I’ve been in a lot of debates at conferences and work about whether story points (which indicate the ‘size’ of any particular user story) should include effort, complexity, or both, so I’d like to throw in my two cents.
Basically, I think these debates miss the point of estimation entirely.
The first question is why bother using story points at all? Most teams use them to measure velocity, which is then used as a guide when deciding how much can be done in the next sprint, and (in some cases) how long a particular feature set will be in development before release. However, the Scrum Guide doesn’t really specify how to measure the items in the Product Backlog:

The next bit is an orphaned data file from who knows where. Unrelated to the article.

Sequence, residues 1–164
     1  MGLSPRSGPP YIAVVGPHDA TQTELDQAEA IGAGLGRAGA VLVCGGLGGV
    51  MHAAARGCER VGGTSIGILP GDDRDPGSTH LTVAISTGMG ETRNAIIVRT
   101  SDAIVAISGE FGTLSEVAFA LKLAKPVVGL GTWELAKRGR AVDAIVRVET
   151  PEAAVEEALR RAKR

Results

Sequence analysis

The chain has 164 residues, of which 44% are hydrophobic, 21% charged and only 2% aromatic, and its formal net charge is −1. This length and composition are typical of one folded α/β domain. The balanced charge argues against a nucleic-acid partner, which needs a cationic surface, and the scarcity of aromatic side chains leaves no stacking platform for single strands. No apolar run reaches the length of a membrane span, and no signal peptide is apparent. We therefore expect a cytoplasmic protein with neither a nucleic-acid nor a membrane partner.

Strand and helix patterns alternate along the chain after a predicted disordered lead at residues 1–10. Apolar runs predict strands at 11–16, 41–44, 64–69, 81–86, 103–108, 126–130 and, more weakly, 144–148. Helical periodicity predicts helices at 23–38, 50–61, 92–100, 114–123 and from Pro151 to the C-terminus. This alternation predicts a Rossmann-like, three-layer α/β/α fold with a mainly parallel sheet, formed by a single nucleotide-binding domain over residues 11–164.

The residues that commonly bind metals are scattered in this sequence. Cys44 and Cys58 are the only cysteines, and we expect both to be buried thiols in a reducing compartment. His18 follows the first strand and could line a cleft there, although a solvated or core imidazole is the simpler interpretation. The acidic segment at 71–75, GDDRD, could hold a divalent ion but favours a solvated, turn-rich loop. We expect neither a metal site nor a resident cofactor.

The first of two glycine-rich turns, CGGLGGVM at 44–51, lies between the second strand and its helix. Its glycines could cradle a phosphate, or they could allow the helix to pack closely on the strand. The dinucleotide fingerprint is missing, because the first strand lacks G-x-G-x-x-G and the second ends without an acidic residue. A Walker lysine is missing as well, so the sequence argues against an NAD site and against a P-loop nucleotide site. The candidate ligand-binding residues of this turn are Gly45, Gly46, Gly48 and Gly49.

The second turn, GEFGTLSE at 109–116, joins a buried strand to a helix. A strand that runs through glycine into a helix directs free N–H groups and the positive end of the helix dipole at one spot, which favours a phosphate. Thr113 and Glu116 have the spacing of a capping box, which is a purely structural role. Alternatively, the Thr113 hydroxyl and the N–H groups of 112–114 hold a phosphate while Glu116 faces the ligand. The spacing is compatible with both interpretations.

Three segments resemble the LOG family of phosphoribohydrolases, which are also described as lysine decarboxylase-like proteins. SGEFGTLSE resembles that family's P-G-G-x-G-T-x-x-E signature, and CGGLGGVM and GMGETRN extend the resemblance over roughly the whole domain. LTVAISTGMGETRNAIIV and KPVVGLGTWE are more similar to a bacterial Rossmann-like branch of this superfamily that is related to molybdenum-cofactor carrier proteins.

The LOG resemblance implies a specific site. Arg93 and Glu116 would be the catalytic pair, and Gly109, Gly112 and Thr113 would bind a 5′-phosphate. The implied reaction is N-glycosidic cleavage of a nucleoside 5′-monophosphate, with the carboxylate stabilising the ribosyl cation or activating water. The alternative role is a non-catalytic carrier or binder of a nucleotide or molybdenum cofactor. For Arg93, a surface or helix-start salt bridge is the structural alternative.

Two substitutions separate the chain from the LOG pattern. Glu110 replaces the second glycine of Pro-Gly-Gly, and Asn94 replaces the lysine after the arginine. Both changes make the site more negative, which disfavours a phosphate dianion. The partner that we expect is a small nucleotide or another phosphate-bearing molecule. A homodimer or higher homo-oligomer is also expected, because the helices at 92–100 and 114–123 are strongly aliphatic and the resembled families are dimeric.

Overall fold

“Work may be of varying size, or estimated effort. However, enough work is planned during Sprint Planning for the Development Team to forecast what it believes it can do in the upcoming Sprint. Work planned for the first days of the Sprint by the Development Team is decomposed by the end of this meeting, often to units of one day or less.”
And as it turns out, experience has shown that velocity in story points correlates so closely with the number of stories completed in sprints that there’s no additional predictive power gained by using them. I.e., you can predict how many stories you’ll get done in a sprint by averaging the number of stories you’ve done in previous sprints. Story points have no value in that respect.
But (and this is a big but!), the estimation process itself has tremendous value. We’ll look at this caveat in the next post, Story Points Part II.